Sunday, August 29, 2010

Try, Try again

After talking to someone at a BBQ two weekends ago I decided to give the North fork of the Willamette river another go.  I've been there probably three of four times already and never had much luck other than catching a few tiny guys.  I also have found it a little frustrating because the water level just seemed too high.

Well, apparently since I last hit this water it has come down significantly.  It was very happily wadable and I was able to get to just about any part of the river I wanted to fish.  I do, however, still find wading in Oregon a scary and frustratingly slow process.  I have become used to the river bottoms of the Eastern Rocky Mountains where there are lots of smaller rocks and a few larger ones.  Out here there are only big and bigger rocks.  It makes wading tough because in one step I can go from ankle deep water to waist deep.  If I don't see that coming it spells bad news and wet clothes.  Fortunately I have managed to not far.  On the plus side wading through this stuff is going to teach me to judge depth by sight better.  I'm pretty bad at that.

Last time I was out on this river I noticed some mountain bikers riding a trail on the other side of the river from the road.  I decided today to go check that out.  There's a road across the river a little farther upstream from the places I have previously fished, so I drove up there and parked.  I followed the single track trail through the lush forest back downstream about a half mile where the river looked like something I could pull some fish out of.  And some whoppers I did pull out!  Man the fish here are big.  I don't remember how many in all I caught in this stretch of water, but it was somewhere between five and ten in three hours.  Not great, but better than the smell of a skunk.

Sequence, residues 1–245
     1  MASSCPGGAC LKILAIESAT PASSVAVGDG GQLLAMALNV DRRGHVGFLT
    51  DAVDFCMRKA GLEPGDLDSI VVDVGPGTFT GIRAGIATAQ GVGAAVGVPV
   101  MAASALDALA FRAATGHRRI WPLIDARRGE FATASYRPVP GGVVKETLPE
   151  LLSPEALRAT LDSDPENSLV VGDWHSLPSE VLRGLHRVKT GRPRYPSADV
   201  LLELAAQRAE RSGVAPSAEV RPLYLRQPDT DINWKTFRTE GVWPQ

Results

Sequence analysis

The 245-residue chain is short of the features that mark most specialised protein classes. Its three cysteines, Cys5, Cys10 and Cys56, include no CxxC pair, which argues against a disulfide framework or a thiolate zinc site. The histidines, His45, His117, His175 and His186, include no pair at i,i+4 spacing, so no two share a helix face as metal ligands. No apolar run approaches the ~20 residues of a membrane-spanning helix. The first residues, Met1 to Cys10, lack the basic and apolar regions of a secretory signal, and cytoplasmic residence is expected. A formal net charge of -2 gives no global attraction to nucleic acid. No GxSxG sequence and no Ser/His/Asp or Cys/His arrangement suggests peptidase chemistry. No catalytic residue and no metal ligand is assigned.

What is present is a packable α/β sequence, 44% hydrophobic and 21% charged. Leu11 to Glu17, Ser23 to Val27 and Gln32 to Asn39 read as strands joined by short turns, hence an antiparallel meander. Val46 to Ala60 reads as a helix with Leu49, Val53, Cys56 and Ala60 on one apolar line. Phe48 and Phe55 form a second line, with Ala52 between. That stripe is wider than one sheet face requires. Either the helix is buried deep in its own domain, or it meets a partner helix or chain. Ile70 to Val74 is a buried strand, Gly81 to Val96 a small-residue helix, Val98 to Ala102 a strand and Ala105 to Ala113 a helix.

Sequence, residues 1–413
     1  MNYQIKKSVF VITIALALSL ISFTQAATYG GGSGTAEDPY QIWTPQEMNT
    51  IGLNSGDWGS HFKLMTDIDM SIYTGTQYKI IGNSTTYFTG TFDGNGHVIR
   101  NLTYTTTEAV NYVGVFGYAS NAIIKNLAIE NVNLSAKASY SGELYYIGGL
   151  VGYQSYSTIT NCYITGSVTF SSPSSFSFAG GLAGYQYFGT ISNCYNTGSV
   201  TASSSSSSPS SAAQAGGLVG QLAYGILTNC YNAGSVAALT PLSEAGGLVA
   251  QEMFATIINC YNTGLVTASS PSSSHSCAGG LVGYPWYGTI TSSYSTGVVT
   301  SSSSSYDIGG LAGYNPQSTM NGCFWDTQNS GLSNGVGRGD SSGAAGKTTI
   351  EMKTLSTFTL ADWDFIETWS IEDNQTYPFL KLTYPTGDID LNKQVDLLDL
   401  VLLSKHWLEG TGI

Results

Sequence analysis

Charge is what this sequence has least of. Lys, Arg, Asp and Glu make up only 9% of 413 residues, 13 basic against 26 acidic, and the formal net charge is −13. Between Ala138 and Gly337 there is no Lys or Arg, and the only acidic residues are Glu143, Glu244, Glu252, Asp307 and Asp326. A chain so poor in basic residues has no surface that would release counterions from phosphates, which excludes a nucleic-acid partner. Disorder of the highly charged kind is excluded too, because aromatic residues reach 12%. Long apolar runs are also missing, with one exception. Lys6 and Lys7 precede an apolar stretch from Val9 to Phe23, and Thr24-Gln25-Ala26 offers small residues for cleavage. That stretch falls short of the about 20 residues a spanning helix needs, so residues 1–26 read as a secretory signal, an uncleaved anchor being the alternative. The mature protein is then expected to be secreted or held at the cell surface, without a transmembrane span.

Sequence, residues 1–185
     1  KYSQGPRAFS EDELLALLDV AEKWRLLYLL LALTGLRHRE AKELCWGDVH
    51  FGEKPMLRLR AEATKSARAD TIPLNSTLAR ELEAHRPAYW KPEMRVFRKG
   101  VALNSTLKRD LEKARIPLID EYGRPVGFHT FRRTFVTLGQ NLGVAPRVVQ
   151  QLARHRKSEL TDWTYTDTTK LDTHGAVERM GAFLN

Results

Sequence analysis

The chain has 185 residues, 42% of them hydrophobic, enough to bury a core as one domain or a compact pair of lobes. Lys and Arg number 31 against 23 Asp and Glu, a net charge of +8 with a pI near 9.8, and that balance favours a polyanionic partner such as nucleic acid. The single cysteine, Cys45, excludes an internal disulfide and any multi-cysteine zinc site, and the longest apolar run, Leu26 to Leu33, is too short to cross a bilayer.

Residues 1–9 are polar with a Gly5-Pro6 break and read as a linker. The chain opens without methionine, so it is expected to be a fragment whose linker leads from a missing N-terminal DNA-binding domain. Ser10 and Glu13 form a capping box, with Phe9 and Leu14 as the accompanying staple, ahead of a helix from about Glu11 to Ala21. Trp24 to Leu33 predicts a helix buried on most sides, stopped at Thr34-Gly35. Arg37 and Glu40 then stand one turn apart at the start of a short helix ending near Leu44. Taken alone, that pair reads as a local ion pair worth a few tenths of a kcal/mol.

After tiring my arms out fighting all the monsters in that stretch of water I packed up my stuff and headed back upstream with the intention of hitting one more spot on my way back to the car.  About half of the way back to the car where the trail had climbed up the side of the hill some ways, I could see a still section of the river down fifty yards below me.  I stopped to watch for rising fish and five seconds after stopping I saw the first fish take a nibble off the surface.  It was a fifty yard nasty hike downhill through some dense underbrush so I kept watching to make sure it was going to be worth the effort.  The glassy surface of the water, which was a good 80 yards long was getting picked at here and there quite regularly.  That made my decision for me so I found a game trail and followed it down to the water's edge.

Once at the waters edge, I watched for a few minutes to get an idea of where a few fish nearby were.  I sneaked up to the edge of the bank on me knees in an attempt to be stealthy and gave the closest fish my best presentation.  He seemed to know something was up because after my first cast (which I didn't think was bad) I didn't see him rise again.  I tried again and cast to the next closest fish which was just a little further out and another 10 yards downstream.  I made sure to cast way upstream of him and give the fly a nice long drift to the fish.  When the fly got over where he was, I saw my top fly go under because he apparently took my dropper.  He actually fought me for a few seconds, which was nice and when I got him to the bank I realized he was actually a nice fish.  Not huge but my first nice fish on the river, which then got me excited for the rest of the fish rising in this slow-moving glassy water.